#include <openssl/tls1.h> long SSL_CTX_set_tlsext_status_cb(SSL_CTX *ctx, int (*callback)(SSL *, void *)); long SSL_CTX_set_tlsext_status_arg(SSL_CTX *ctx, void *arg); long SSL_set_tlsext_status_type(SSL *s, int type); long SSL_get_tlsext_status_ocsp_resp(ssl, unsigned char **resp); long SSL_set_tlsext_status_ocsp_resp(ssl, unsigned char *resp, int len);
The response returned by the server can be obtained via a call to SSL_get_tlsext_status_ocsp_resp(). The value *resp will be updated to point to the OCSP response data and the return value will be the length of that data. Typically a callback would obtain an OCSP_RESPONSE object from this data via a call to the d2i_OCSP_RESPONSE() function. If the server has not provided any response data then *resp will be NULL and the return value from SSL_get_tlsext_status_ocsp_resp() will be -1.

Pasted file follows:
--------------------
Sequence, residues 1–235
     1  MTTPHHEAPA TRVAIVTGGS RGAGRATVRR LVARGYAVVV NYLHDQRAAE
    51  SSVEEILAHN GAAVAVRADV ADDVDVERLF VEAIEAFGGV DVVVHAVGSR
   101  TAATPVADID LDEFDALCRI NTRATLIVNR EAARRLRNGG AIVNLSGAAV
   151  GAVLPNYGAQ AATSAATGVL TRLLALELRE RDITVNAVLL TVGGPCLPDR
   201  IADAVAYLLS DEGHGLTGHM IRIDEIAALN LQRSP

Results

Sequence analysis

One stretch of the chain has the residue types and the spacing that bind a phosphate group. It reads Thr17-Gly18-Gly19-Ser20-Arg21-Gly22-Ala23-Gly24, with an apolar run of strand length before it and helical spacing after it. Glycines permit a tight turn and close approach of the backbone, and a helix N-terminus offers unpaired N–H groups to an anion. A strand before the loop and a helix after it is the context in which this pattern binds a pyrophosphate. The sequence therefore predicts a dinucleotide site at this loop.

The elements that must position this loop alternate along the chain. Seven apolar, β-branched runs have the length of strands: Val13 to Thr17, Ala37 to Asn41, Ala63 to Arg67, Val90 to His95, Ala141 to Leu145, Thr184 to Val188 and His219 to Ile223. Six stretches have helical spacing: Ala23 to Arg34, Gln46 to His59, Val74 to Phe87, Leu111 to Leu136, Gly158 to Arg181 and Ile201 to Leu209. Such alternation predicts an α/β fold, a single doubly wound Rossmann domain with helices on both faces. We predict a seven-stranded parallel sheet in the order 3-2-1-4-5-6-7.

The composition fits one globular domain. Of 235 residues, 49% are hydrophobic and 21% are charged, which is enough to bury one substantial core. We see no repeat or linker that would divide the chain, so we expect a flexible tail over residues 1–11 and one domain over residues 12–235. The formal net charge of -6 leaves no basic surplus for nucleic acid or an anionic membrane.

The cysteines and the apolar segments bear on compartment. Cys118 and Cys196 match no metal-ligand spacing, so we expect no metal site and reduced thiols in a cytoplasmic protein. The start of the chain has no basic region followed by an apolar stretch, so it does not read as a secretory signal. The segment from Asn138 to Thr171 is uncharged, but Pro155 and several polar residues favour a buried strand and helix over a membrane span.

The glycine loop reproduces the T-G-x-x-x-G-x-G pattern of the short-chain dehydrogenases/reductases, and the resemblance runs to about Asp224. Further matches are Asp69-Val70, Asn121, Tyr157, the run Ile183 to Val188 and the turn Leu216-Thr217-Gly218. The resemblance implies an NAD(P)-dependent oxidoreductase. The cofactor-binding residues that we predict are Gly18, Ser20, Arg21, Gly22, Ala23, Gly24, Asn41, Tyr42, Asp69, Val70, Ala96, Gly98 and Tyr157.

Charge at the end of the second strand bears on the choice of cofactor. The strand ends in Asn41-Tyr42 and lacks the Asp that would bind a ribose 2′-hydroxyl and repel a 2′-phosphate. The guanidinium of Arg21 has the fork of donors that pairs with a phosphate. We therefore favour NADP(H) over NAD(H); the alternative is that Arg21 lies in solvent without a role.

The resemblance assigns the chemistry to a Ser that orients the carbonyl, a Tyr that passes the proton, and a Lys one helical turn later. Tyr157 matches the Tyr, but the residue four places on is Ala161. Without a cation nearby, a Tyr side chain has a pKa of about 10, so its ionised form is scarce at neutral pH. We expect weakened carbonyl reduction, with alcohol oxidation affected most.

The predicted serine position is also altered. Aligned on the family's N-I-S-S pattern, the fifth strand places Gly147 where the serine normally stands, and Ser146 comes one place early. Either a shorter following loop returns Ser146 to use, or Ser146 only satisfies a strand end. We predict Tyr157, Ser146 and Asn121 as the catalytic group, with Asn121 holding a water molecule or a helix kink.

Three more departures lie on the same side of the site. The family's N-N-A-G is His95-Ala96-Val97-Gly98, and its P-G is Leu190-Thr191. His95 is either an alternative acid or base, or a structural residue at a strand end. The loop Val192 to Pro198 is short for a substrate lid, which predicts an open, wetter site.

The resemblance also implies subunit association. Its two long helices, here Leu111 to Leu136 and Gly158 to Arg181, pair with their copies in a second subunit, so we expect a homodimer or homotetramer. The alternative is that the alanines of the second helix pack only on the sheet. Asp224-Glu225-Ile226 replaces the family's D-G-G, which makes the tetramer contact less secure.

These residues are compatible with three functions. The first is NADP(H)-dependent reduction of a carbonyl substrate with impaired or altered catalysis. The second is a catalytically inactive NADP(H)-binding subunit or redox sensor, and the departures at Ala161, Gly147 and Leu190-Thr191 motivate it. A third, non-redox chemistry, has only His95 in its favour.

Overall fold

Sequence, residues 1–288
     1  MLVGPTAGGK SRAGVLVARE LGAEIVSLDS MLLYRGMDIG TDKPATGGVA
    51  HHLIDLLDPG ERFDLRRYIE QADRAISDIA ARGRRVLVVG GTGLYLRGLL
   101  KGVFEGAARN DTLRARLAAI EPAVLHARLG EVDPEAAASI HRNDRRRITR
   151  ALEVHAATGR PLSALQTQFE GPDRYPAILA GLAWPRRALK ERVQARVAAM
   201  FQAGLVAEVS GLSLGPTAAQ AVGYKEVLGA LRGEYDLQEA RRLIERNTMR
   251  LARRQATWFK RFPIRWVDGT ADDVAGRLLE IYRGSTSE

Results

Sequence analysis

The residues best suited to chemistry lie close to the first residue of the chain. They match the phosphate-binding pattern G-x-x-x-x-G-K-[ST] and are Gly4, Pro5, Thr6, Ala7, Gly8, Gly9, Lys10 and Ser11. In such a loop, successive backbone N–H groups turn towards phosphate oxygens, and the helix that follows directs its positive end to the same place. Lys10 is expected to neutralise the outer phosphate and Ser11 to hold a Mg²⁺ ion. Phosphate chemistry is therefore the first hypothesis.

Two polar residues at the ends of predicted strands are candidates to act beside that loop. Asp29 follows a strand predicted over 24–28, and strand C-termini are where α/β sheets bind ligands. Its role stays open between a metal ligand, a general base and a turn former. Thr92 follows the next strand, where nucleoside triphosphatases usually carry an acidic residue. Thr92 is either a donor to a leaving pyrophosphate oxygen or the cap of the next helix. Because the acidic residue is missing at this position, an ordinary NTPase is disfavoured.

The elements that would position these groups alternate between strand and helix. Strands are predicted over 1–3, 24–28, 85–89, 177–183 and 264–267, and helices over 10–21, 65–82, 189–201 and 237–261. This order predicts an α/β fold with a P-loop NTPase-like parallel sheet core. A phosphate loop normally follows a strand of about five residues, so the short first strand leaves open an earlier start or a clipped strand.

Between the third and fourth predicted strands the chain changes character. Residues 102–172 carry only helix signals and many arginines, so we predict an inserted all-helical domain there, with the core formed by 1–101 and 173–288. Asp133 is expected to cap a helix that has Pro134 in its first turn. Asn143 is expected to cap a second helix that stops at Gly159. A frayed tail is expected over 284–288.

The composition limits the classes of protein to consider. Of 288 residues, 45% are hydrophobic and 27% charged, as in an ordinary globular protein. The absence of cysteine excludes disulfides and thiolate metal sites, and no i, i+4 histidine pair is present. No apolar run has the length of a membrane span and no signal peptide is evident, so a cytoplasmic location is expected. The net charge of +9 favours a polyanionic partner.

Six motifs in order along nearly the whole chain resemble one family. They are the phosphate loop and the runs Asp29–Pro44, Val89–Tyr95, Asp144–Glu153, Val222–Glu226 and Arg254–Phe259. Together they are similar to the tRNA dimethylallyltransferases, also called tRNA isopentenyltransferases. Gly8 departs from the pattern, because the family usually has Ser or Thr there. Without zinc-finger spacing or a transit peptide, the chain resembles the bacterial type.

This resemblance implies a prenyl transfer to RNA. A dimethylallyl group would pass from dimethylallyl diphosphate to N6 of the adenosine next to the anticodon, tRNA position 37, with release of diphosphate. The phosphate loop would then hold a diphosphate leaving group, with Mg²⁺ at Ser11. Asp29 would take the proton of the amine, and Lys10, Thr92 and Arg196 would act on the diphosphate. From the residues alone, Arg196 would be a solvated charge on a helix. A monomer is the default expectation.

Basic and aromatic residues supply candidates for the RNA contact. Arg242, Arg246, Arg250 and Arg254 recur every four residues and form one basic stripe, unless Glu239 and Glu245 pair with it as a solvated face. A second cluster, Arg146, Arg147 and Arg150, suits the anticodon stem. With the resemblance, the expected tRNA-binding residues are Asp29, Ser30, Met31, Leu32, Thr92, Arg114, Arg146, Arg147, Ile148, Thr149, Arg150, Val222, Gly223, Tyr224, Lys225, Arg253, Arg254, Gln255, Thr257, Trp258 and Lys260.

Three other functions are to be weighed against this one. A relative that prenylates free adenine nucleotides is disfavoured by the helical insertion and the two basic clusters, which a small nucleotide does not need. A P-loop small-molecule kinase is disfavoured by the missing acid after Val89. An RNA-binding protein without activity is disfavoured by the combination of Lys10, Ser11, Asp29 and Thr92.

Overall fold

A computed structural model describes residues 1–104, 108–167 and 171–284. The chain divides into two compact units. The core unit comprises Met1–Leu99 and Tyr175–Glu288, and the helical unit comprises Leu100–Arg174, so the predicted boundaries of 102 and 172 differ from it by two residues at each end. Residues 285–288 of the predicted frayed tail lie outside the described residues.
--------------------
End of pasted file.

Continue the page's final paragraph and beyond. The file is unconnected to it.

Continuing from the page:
A server application must also call the SSL_CTX_set_tlsext_status_cb() function if it wants to be able to provide clients with OCSP Certificate Status responses. Typically the server callback would obtain the server certificate that is being sent back to the client via a call to SSL_get_certificate(); obtain the OCSP response to be sent back; and then set that response data by calling SSL_set_tlsext_status_ocsp_resp(). A pointer to the response data should be provided in the resp argument, and the length of that data should be in the len argument.
The callback when used on the server side should return with either SSL_TLSEXT_ERR_OK (meaning that the OCSP response that has been set should be returned), SSL_TLSEXT_ERR_NOACK (meaning that an OCSP response should not be returned) or SSL_TLSEXT_ERR_ALERT_FATAL (meaning that a fatal error has occurred).
SSL_CTX_set_tlsext_status_cb(), SSL_CTX_set_tlsext_status_arg(), SSL_set_tlsext_status_type() and SSL_set_tlsext_status_ocsp_resp() return 0 on error or 1 on success.
SSL_get_tlsext_status_ocsp_resp() returns the length of the OCSP response data or -1 if there is no OCSP response data.